Incentives Can Be Poisonous, So How Do We Fix Them?

In “Incentives Poison Extreme Programming Values”, Craig Innes explored the dangerous effect external incentives can have on the decision to use an Agile methodology, using the third year SDP project as an example of such a scenario. In this response, I intend to expand on his article by explaining why these incentives existed and how their goals can be met in a less damaging way. I will then generalize principles from this example that can apply to a variety of situations (work environment, assignment structure) in which authorities need to monitor or incentivize work, yet do not want to disrupt the Agile process.

Milestones, friendlies, and stack ranking: why were they used?

In order to understand how to improve SDP, we have to understand why the course implemented milestones, competitive friendlies, and zero-sum marking. Only then can we redesign the course to achieve the same ends without interfering with the Agile process.

The milestones in SDP primarily served as a way to measure the progress of student teams, but also as explicit short-term goals to aid team planning. Measuring the progress of teams not only allowed for intervention if progress was slow, but also allowed for a relatively standardized set of grading against an objective measure of success. The fixed goals also allowed teams of students who were new to major project planning to have some idea of what capabilities they should have at certain dates.

The competitive nature of friendlies was another incentive to ensure that teams took the opportunity seriously. If doing poorly meant a worse seeding in the final tournament, teams would be incentived to work at performing well at these events.

Finally, the competitive marking at milestones ensured that individuals did not freeride off of the group’s efforts, while at the same time it prevented the group from conspiring to give each other high marks. The limited number of high marks ensured that the group could not grant everyone an undeserved high score, and the resulting competition incentived denying freeriders a high mark.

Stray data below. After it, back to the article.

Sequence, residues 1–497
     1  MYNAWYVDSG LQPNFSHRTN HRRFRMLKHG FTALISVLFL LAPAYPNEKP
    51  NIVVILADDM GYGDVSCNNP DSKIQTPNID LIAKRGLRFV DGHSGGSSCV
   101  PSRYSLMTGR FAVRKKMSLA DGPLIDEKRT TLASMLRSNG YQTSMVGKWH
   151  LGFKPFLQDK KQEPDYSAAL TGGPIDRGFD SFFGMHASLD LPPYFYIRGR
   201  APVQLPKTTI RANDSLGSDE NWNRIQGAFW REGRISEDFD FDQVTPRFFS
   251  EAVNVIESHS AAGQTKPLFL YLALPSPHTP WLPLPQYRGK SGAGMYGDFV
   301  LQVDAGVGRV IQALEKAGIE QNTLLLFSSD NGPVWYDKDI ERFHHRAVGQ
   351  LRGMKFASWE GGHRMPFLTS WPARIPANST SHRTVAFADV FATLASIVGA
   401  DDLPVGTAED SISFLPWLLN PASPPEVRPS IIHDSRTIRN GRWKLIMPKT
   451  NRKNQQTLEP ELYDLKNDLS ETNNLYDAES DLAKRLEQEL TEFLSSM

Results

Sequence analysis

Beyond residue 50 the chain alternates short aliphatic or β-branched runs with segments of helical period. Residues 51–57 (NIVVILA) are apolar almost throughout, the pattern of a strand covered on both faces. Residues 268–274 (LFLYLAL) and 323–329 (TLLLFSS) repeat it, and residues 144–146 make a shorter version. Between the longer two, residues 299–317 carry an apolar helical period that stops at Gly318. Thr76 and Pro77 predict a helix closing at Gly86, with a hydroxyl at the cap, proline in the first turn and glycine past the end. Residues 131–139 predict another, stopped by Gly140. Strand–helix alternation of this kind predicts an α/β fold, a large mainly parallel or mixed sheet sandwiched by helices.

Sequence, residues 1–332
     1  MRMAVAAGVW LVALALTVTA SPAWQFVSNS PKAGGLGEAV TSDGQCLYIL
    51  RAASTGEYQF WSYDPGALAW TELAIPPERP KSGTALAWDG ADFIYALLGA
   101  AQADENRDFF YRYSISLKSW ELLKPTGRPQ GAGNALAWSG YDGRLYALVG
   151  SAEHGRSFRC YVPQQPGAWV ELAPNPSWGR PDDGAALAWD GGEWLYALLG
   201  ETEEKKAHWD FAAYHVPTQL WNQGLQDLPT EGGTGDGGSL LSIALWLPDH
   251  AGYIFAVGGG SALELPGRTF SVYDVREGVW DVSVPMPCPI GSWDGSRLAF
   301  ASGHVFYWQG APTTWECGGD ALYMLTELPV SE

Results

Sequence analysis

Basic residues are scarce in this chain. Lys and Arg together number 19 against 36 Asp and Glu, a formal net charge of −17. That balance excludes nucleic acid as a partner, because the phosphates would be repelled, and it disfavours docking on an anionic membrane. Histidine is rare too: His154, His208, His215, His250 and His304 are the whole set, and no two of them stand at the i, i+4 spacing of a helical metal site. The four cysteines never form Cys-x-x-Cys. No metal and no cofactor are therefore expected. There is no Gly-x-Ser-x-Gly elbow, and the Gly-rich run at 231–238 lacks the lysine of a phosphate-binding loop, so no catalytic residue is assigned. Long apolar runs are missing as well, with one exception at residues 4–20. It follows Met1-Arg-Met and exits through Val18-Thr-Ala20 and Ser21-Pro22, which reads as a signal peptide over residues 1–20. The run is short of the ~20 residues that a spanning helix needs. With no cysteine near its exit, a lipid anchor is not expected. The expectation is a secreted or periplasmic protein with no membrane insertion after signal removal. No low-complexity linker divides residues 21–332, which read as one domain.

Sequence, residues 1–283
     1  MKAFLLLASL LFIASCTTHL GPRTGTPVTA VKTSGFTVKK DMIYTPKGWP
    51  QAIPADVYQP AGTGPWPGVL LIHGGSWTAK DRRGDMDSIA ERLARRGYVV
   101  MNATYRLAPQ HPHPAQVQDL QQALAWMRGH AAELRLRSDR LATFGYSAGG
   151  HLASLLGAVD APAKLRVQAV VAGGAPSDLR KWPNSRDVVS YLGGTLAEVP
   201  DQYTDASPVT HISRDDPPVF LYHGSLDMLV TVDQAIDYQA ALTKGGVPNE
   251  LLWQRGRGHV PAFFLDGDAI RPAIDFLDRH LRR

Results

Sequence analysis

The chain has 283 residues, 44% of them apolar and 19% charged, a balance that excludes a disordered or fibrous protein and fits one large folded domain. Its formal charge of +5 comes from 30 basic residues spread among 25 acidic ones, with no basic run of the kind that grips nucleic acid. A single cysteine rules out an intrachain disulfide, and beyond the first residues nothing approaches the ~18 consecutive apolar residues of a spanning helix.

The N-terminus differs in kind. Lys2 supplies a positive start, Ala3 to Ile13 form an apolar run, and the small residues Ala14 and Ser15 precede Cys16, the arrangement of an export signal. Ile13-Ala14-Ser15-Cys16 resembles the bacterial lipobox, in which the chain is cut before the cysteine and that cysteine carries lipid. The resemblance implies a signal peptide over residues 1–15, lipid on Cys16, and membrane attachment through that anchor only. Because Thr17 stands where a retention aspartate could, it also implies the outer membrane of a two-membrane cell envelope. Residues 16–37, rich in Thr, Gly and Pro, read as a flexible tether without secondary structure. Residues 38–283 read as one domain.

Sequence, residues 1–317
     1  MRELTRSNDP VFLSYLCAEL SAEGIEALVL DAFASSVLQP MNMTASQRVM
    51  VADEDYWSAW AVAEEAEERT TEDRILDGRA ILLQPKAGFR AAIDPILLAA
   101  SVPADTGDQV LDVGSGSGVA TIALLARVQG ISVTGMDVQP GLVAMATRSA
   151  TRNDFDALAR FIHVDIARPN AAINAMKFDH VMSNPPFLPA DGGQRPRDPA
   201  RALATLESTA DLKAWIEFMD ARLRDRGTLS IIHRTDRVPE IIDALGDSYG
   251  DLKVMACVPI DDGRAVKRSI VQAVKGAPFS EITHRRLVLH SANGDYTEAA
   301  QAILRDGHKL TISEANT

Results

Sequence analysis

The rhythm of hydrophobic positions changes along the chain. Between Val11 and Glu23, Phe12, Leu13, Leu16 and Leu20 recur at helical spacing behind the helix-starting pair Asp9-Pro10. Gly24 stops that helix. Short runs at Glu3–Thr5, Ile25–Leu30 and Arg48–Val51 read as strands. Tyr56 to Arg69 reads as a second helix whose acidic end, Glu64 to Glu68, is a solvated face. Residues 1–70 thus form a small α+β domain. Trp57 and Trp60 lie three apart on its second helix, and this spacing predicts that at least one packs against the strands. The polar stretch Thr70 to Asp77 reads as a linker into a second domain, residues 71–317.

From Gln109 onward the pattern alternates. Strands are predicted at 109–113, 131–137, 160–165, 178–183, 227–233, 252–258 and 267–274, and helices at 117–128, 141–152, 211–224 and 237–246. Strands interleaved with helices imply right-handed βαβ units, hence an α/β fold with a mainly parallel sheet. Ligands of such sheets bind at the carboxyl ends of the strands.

In summary:

  • Milestones and competitive friendlies were meant to ensure that teams took their responsibilities seriously, and provide fixed, short-term goals for members to target.
  • Competitive marking was meant to both ensure individual effort, and defend against widespread mark-fixing within groups.

How do we fix it?

Milestones are a serious problem, as they are critical to measuring and maintaining the team’s progress. Yet this can be achieved, as Craig himself suggested in his reply to a comment, with group’s setting their own milestones. Each group has a mentor, a student who has previously taken SDP and who signs off on major decisions (such as allocation of marks), who could help the members of a group decide on a reasonable milestone to target next. Teams could then adjust their milestones to measure progress which is relevant to them – some teams may want the traditional feature-by-feature approach, while others might adopt a more Agile strategy of frequent, iterative releases. Either way, this approach would grant much more flexibility to teams, while retaining a grounded approach thanks to the mentor’s input.

The solution for competitive friendlies seems obvious enough – make them noncompetitive, or even end them all together! Tournament seeding can be random, and teams will have an existing incentive to take any opportunity to simulate the conditions of the final tournament seriously. Friendlies can either be organized by the course organizers as mandatory or encouraged matches with no stakes, or it can be left up the teams to organize their own friendlies.

Finally, zero-sum marking is both understandable (the organizers want to avoid collusion and freeriding) and deeply perverse (similar to Microsoft’s “Stack Ranking”, creates an environment of mistrust and hostility, incentives hoarding code and “low hanging fruit”). This problem is much harder to patch than the previous ones, as it is a symptom of a larger issue with a dissonance between the intent and practice of SDP. The easiest patch is to simply remove the limitation on high marks, and give more authority to mentors and the course organizers to review and modify the marks given. This does generate more work for those in charge of the course, but allows teams to focus directly on rewarding members as best makes sense to them.


While SDP’s milestones, competitive friendlies, and stack ranking seriously interfered with Agile approaches, they can be revised or eliminated in a way that allows for a variety of team methodologies. Even in an environment like SDP, which seeks to assign each student a grade to determine their grasp of the material, structures and incentives which undermine an Agile approach can be dealt with if the course organizers are willing to meet students halfway.